7 On Your Side
Best times to purchase cheap airline tickets
SAN FRANCISCO (KGO) -- Everyone knows airline tickets can be expensive, so 7 On Your Side looked into what you have to do to save on your next trip.
Spring break is almost over, but summer vacation will soon be here and that means it's time to start looking at airline tickets. Consumer Reports has partnered exclusively with 7 On Your Side to reveal the best times to buy your ticket in order to score the best deal.
It's always difficult to know if you are buying your ticket at the cheapest point. A new study has some facts that can change the way you make your next trip. A recent study by online travel booking site CheapAir looked at more than 25 million airline fares over the last year to determine the best times to find get the cheapest airfare.
"The best time to buy your ticket, on average, in 2012 for domestic flights was 49 days in advance, 7 weeks," said CheapAir CEO Jeff Klees. "For international travel, it was 81 days and that's between 11 and 12 weeks," he added.
The day of the week you choose to fly can save you a lot of money too. Tuesdays and Wednesdays are generally cheaper than other days of the week Friday and Sunday are the most expensive and in fact on average, if you fly on a Tuesday, you save $58 as opposed to flying on a Sunday.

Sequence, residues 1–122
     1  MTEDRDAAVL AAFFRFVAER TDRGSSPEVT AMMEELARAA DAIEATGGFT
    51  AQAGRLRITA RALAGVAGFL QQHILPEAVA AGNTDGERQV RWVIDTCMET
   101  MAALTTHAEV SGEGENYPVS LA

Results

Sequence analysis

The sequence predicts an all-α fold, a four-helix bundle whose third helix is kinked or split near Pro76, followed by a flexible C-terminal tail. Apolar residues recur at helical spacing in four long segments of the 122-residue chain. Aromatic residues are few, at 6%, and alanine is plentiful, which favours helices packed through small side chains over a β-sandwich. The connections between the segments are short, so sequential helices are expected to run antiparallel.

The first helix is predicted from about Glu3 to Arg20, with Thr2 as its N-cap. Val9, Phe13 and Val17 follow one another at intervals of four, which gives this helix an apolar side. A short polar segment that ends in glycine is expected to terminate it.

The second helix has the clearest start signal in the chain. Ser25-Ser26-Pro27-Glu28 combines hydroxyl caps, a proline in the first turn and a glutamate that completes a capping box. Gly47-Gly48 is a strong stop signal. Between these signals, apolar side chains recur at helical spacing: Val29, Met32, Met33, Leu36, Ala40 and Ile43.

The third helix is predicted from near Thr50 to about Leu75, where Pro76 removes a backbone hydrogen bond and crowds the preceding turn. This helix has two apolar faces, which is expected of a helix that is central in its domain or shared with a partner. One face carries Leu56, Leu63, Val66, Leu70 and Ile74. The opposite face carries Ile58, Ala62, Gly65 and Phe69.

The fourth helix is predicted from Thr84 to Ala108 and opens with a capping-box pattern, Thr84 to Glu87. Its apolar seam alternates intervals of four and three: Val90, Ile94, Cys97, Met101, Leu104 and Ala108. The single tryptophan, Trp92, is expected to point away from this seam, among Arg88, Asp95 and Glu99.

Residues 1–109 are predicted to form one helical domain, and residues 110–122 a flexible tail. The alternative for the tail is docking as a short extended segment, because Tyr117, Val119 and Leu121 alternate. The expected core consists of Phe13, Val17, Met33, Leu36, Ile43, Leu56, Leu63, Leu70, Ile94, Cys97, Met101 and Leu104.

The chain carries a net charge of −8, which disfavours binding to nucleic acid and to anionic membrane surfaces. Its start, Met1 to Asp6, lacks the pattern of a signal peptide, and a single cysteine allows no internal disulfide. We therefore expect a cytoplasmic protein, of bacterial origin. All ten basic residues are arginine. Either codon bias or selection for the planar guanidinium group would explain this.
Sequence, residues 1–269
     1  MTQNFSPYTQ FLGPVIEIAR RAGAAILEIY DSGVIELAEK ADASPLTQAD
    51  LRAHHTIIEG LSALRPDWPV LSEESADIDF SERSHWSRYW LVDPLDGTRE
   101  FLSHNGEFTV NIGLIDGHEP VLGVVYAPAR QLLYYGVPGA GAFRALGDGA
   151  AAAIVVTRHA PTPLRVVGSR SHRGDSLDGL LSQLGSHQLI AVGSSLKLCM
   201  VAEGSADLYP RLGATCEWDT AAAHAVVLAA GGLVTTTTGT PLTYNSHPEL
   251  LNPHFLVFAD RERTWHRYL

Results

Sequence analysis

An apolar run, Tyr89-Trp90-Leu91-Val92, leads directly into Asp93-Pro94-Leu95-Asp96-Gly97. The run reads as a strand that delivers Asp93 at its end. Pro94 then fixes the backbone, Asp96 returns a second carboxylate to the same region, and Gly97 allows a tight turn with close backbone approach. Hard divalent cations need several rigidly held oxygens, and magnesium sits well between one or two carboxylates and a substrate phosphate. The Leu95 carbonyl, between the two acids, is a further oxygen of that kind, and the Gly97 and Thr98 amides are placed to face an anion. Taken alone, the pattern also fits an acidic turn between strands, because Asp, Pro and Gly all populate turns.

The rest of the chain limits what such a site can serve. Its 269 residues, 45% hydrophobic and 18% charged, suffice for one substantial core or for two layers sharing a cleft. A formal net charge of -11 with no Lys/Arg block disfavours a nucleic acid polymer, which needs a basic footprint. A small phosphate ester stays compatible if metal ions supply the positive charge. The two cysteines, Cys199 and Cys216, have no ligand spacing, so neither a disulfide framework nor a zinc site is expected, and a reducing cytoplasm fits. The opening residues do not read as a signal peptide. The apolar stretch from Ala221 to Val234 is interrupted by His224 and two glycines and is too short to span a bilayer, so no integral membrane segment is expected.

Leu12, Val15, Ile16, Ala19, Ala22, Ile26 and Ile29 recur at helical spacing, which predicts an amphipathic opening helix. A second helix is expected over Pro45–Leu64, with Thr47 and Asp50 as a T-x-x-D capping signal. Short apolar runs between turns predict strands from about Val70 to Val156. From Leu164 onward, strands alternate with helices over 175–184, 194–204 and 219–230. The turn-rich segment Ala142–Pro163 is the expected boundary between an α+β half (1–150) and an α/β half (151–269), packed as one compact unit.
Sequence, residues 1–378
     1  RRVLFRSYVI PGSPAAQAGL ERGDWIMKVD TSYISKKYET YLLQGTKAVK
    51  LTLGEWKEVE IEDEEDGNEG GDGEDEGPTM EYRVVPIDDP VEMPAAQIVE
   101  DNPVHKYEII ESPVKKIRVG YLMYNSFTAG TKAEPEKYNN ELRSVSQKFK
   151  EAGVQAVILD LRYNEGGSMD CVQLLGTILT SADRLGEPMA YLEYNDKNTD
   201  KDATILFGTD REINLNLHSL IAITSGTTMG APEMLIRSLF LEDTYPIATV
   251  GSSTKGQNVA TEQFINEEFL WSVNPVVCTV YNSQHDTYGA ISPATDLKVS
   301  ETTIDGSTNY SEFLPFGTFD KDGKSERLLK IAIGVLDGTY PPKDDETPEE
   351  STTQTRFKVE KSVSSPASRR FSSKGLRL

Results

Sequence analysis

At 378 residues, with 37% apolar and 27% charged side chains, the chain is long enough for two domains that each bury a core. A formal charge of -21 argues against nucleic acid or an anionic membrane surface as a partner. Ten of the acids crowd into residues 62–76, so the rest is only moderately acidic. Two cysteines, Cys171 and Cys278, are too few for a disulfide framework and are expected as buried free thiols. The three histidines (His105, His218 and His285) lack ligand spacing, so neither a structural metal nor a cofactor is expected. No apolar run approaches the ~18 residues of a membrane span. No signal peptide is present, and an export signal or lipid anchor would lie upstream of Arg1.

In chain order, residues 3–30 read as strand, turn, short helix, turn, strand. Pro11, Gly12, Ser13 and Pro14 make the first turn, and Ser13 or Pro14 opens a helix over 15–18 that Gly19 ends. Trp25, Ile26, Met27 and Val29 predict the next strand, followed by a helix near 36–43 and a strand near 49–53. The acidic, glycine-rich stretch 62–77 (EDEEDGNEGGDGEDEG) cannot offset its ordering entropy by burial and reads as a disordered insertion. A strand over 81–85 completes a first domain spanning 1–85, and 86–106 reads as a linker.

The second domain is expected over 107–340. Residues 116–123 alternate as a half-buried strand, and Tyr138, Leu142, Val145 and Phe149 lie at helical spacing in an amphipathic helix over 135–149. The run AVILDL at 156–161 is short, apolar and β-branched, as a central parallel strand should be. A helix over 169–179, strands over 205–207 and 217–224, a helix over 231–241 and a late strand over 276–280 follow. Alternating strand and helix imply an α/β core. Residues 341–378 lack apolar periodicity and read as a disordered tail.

Most people know that the most expensive times to buy a ticket is at the last minute, but Klees says the second worst thing you can do is buy your ticket too early. A flight opens for sale 330-335 days in advance. "The starting fares are a lot higher than what the lowest fare will eventually be," he said.
Fare pricing is not regulated by the government. Al Anolik is a travel lawyer who says the Department of Transportation does not want to be involved in fares and pricing. "They let the airlines do what they want with the frequent flyers, they let them adjust their prices. They're not watching," he said.
And despite the plethora of travel booking sites, Anolik's biggest tip is to find a good travel agent. "Travel agents are going to know when they load the computer with their fares. Whether that's a Tuesday morning or a Wednesday morning, they're going to be right on it and check that fare as it changes in the computer," he said.
This study also found that the idea that booking a trip on a Tuesday will save you big money is actually a myth. CheapAir found that in fact, on average, the savings were no more than a few dollars.
travel, airline industry, 7 on your side, michael finney
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